After his time with Bodie, Doyle understood this only too well. The Sheik had a royal air about him, expecting and accustomed to being obeyed without question. Yet, despite that, he never treated Doyle as less than another male, giving him a degree of respect and attention he might not have offered a woman in a similar position. It was easy to imagine what poor Diana had suffered.
"It must have been terrible for her," Doyle said solemnly.
"Yes, although Nassar gave her more freedom than most Arabic women. For example, she was never forced to swath herself in the heavy clothing or remain hidden away. She rode with him and moved freely within the camp even when he was away, which was an amazing thing considering his possessiveness of her. It helped alleviate her feeling of captivity somewhat. And Nassar loved her deeply, I never doubted that. Even worshipped her. After a while, she came to love him as well. My friend was a very virile, handsome young man -- it would be difficult for a young girl to remain totally immune to that attraction, whatever the circumstances."
"So she eventually accepted her fate?"
Cambridge shook his head sadly. "No, never. She was very stubborn, exceedingly willful. What she felt for him never stopped her attempts to escape. No matter how she loved him, she would not be held. A dozen times she fled from him only to have him drag her back again. Once she even reached as far as Aden before he found her. She had Bodie with her then -- he was hardly five years old at the time."
Doyle gasped. "He knew? Bodie was part of this?"
"Oh yes. Torn both ways, of course. He adored his mother, but admired and loved his father. Over and over he was witness to the battles between them. Both were hot-tempered and passionate people. They loved each other violently -- and hated with an equal passion. It was not a serene childhood, as you can well imagine."
"Christ." Doyle shut his eyes, seeing in his mind's eye the small boy that was once Bodie, understanding his dilemma very well. He opened his eyes to glare at Cambridge. "And you stood by and did nothing?"
The old man did not flinch from the condemnation. "What would you have me do? I had sworn loyalty to Nassar long before. Should I disregard my oath to him? Help Diana to escape? Do not think I didn't consider it. But escape to what? She could not go home -- never intended to do so. She never thought beyond obtaining her freedom. Unfortunately, I had to consider it. And once her son was born, Nassar would have stopped at nothing to find them again. By all the laws he lived by, she was his property and Bodie was his heir. Whatever I wanted to do, these were laws I agreed to live by as well when I came to this land."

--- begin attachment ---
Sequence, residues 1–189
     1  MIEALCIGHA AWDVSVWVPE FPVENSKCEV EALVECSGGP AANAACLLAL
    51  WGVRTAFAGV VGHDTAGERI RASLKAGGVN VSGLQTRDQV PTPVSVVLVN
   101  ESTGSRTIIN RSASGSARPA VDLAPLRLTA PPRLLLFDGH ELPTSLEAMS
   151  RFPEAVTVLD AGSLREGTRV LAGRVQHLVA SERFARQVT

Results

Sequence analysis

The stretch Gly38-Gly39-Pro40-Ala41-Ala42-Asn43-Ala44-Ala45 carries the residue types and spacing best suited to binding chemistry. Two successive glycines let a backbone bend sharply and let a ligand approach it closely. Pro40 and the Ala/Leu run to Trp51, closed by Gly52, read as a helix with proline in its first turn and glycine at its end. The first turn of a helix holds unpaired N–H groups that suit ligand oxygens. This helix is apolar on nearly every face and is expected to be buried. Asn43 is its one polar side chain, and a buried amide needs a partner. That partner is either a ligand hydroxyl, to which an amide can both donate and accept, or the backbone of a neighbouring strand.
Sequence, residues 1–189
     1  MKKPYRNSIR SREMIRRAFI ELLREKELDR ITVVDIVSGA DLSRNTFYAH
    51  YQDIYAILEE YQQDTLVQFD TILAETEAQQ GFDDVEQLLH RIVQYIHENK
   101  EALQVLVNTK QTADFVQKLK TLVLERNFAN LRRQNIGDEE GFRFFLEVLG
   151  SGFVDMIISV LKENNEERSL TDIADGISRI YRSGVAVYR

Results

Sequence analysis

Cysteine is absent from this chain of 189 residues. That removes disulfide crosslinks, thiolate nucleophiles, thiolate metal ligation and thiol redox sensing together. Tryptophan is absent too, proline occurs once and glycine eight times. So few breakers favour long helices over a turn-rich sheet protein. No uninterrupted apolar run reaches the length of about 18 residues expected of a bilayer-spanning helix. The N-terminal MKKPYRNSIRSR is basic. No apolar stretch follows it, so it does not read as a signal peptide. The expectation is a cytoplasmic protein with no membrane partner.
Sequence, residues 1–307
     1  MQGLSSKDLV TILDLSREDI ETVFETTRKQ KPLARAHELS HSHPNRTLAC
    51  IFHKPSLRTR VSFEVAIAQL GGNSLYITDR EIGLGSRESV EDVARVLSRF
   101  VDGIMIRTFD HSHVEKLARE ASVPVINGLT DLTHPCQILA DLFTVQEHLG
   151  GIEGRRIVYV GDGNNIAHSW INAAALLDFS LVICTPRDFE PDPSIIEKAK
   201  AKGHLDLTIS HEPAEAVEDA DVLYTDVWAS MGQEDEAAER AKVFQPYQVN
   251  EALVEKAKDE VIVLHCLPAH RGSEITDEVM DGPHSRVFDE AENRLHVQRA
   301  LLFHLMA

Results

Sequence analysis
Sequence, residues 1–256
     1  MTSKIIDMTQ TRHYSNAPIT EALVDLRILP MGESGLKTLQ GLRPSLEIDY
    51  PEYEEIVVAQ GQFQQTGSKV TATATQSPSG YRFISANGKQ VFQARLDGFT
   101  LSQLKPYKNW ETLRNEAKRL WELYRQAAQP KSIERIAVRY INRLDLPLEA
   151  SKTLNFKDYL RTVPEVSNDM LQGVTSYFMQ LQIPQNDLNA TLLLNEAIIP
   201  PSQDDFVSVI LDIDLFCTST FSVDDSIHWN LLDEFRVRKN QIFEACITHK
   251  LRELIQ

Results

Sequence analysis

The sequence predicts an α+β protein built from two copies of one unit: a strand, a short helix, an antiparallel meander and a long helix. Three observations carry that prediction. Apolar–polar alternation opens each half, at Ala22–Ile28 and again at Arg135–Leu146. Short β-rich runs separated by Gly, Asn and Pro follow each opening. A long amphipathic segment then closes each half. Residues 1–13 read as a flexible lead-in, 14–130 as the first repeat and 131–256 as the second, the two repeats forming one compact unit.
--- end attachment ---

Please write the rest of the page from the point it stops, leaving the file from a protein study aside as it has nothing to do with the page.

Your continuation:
He looked down at the portrait again. "Even so, if I had not believed she truly loved Nassar, I might have..." he trailed off and shook his head. "No matter. What is past is past."
Cambridge looked very weary. "Raymond, we have talked enough for one day. Please..."
"Of course." Doyle stood and moved to stand close. He squeezed the old man's shoulder affectionately. "Forgive me if I seemed to judge you. I know you acted as you felt you must. And I thank you for telling me these things. I can see it was painful for you."
His hand covered Doyle's fondly. "I wanted to help you understand him just a little. There is so much turmoil in his heart -- but it is a good heart. Perhaps you can help him heal it."
Having much to consider, Doyle turned to leave, but Cambridge called out, halting him.
"Wait. I have something for you." The old man got up and rummaged in another trunk, coming up with a large flat box. He handed it to Doyle. "My oil and brushes. They may be a bit dried by now, but it may serve you for the present."
Throat tight, Doyle protested, "I can't take these--"
"But of course you can. I have finished, my boy. You have just begun."
When Doyle left the tent, Cambridge returned to the portrait.
"You would like him, Diana," he whispered. "He has a gentle soul. Your son needs that now, I think."